Modernizing aviation to carry us into the future
July 29, 2009
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    Guest Column


    Just over 100 years ago, the Wright Brothers helped usher in the age of modern aviation as we know it.

    Since then, commercial aviation has allowed us to live in a more connected world. One of the great innovators and “connectors” of our time, Bill Gates, noted, “The Wright Brothers created the single greatest cultural force since the invention of writing. The airplane became the first World Wide Web, bringing people, languages, ideas and values together.”

    Together, general aviation and commercial service activity account for more than 783,700 jobs, $20.6 billion in payroll and $48.8 billion in total economic impact in Texas. With approximately 400 airports operating in Texas, our general aviation airport system is one of the largest in the country. Texas also boasts major international airports that keep our state a hub of tourism and commerce. Dallas/Fort Worth International Airport and George Bush Intercontinental/Houston Airport are nationally ranked 4th and 9th, respectively, for passenger activity, making Texas the only state with two airports in the top ten. Several national commercial carriers also call Texas home, with Continental Airlines based out of Houston, American Airlines in Fort Worth and Southwest Airlines headquartered in Dallas.

    The FAA projects that, by 2015, domestic air travel will nearly double to 1 billion passengers annually. In order to improve security and capacity, and to upgrade key systems like air traffic control, Congress faces the important challenge of modernizing and equipping the aviation industry to keep pace with increasing demand. Such efforts will advance air travel in the short term, and could help set the course for another hundred years of transporting and connecting passengers. We are currently considering the FAA Reauthorization Act of 2007, which would fund and authorize important policies for the Federal Aviation Administration (FAA) for fiscal years 2008 through 2011.

    The FAA reauthorization bill makes efforts to modernize the air traffic control system, known as the Next Generation Air Transportation System (NextGen), a national priority. NextGen would broadly expand controller capacity by transferring infrastructure from the Earth to the sky, using orbiting satellites and relying on aircraft on-board automation and data-link rather than voice communications. These upgrades would allow ATC to monitor more flights, and would allow the U.S. commercial aviation system to accommodate growing demand.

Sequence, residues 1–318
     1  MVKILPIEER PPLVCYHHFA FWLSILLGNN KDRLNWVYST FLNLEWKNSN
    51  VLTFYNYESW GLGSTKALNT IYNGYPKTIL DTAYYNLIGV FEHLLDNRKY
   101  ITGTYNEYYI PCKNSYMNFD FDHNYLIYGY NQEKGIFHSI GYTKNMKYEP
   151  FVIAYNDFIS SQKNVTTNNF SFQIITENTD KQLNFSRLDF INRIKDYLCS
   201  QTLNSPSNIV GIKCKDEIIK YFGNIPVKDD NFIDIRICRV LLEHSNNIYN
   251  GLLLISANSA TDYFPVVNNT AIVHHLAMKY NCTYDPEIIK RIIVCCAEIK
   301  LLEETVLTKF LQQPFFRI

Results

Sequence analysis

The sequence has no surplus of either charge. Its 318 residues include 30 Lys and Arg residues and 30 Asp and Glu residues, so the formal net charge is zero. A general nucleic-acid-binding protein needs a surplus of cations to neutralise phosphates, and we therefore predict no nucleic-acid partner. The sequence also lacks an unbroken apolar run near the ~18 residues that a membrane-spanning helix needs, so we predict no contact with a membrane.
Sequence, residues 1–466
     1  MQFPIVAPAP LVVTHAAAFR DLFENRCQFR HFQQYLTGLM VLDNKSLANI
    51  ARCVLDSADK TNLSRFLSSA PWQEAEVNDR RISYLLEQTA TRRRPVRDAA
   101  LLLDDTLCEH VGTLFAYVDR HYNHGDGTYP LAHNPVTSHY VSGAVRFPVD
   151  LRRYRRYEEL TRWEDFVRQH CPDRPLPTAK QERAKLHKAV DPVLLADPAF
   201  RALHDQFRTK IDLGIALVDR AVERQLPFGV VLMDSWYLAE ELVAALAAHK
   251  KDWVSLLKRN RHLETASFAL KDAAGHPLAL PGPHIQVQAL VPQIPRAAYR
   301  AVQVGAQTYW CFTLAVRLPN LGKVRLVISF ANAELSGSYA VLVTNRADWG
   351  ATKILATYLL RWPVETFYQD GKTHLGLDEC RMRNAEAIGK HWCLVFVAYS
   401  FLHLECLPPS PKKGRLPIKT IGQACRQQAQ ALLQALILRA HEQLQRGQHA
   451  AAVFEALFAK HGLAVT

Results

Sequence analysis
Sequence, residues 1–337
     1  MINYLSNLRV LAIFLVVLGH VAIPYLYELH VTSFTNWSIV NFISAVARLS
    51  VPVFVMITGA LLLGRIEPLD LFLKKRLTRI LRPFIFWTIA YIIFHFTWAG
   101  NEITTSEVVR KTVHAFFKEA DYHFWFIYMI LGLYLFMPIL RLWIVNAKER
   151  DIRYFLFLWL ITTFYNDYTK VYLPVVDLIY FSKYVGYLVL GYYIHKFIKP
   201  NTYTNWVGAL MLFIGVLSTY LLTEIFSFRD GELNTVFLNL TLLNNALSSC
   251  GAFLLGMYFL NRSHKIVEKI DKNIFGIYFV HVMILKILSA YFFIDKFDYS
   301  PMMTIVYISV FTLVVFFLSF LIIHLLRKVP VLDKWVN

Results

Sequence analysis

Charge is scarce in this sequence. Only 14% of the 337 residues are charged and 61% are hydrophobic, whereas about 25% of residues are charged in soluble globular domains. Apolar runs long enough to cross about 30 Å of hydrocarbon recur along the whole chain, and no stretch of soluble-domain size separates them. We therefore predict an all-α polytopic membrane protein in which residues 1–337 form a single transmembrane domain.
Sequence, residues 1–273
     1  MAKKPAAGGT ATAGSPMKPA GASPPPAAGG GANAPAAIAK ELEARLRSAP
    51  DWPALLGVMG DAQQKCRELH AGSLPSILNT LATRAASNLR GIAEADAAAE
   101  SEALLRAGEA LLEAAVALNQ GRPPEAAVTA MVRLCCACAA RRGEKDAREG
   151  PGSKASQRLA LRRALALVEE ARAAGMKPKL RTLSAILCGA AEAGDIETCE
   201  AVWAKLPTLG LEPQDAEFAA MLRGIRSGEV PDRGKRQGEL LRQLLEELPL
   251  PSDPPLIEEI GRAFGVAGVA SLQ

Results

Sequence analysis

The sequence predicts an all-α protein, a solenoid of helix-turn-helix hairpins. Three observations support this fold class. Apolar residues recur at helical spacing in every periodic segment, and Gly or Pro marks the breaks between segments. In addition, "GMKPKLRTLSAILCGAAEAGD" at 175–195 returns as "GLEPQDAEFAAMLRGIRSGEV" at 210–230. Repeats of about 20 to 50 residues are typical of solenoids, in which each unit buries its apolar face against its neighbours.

Recent findings indicate that aviation safety is improving. Earlier this year, Aviation Daily reported that air passenger fatality numbers for 2007 fell “well below long-term trends.” But modern aviation will always carry some risk, so continued safety monitoring and upgrades will remain critical. The pending FAA reauthorization bill increases the number of aviation safety inspectors in the Flight Standards Service, and also requires an assessment of training programs for FAA air traffic controllers.

    The bill also includes provisions to protect consumers. Too often, passengers are stranded on planes or at other airports for countless hours. The new legislation requires air carriers and airport operators to submit emergency contingency plans to accommodate passengers to the Department of Transportation. Such plans would ensure that food, water, restroom facilities and access to medical treatment would be available to passengers during unforeseen events or airport emergencies affecting national air traffic.

    As Congress reconvenes, I will take on a new responsibility, as the Ranking Member on the Senate Aviation Subcommittee, which has jurisdiction over the FAA, and regulates commercial airlines and the National Transportation Safety Board. I look forward to this new challenge. In 2001, I coauthored legislation to rebuild America’s aviation security system. I was also pleased to broker an agreement, approved by the councils of Dallas and Fort Worth, to open Love Field in Dallas to through-ticketing, while protecting Dallas/Fort Worth International Airport. With this agreement, consumers now have more choices when flying into and out of North Texas.

    I look forward to working hard to make safe, efficient air travel available to Texans and Americans alike.

    Date: 2008-01-23